Rosselló (center) speaks in Utuado, Puerto Rico in March 2018

First days

Rosselló announced the designation of several of his members for the 17th Cabinet of Puerto Rico, including William Villafañe to be his Chief of Staff, Elías Sánchez Sifonte to be his representative on the Fiscal Oversight Board, Itza García as his Deputy Chief of Staff. [26]

Domestic policies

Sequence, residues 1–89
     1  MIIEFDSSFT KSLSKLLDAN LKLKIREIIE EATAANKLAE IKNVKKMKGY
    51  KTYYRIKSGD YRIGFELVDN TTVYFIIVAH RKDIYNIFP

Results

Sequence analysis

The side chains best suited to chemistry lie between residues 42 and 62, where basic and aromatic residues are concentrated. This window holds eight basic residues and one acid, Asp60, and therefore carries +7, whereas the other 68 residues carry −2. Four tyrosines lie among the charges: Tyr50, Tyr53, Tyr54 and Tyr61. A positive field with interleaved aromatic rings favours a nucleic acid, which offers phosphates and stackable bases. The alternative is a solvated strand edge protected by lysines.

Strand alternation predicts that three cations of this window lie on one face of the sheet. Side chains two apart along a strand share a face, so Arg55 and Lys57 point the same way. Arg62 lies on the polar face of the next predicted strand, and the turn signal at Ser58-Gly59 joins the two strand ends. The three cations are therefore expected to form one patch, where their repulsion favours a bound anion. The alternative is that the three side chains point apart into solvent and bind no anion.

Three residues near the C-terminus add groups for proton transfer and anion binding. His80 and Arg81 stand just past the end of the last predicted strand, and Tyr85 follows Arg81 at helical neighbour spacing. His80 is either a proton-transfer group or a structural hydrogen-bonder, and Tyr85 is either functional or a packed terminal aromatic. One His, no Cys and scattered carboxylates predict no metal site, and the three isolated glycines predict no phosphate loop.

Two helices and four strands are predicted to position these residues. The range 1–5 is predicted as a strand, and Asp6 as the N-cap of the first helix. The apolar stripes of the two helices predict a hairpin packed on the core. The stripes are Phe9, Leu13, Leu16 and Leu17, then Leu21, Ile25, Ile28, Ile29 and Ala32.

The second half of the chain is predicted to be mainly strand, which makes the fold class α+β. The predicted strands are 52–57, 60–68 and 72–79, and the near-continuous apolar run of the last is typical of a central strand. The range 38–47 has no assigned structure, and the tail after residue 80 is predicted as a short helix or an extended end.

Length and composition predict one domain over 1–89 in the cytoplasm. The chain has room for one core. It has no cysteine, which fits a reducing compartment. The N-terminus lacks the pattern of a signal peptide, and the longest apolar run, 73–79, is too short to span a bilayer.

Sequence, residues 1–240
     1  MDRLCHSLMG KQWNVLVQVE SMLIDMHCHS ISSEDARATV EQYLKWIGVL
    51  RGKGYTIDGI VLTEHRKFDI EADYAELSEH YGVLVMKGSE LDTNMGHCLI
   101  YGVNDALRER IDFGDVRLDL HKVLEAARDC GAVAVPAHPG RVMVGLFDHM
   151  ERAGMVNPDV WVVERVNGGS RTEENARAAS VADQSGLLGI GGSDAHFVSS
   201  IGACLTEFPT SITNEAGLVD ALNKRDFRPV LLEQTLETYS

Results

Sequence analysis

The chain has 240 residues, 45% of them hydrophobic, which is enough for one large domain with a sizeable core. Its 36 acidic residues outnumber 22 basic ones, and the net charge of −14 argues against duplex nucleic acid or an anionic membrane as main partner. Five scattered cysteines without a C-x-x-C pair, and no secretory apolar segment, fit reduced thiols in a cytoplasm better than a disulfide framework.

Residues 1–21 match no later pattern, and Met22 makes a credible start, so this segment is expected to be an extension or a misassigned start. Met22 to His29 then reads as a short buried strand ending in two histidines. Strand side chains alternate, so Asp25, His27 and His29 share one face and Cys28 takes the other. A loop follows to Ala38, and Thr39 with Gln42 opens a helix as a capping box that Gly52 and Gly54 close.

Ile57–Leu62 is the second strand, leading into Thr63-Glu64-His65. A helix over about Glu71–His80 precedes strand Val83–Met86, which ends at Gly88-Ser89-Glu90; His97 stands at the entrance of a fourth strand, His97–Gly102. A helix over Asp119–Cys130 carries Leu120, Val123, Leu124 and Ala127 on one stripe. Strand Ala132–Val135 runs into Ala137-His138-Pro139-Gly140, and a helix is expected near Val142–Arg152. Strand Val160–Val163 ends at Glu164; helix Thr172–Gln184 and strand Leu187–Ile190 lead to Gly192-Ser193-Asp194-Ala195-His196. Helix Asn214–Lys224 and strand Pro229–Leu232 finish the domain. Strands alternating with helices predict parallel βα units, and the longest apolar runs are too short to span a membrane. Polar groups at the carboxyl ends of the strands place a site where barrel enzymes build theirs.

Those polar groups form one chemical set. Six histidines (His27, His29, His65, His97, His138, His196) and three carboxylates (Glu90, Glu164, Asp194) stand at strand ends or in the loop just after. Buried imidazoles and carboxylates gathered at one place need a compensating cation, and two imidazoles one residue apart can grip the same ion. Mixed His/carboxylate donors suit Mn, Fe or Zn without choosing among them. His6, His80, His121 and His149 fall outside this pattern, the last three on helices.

On his first day as governor, Rosselló signed six executive orders. His first executive order was the OE-2017-001, decreeing a state of fiscal emergency. The second order was the OE-2017-002, which creates the COF with the intent of obtaining, maximizing and overseeing more federal funds. The third executive order, OE-2017-003, looks to streamline the permit obtaining process for development of projects that promote a new or improved infrastructure for the lending of services for the citizens and for economic development within Puerto Rico. The fourth executive order, OE-2017-004, creates an interagency group of projects critical for the infrastructure, a collateral effect of the OE 2017-003. The fifth executive order, OE-2017-005, orders the implementation of the method of zero base budget for the preparation of the budget for the fiscal year 2017-2018. The last executive order Rosselló signed on his first day was the OE-2017-006; it decrees a public policy within the Government of Puerto Rico that guarantees equal pay and work for women employees. [27] [28] [29]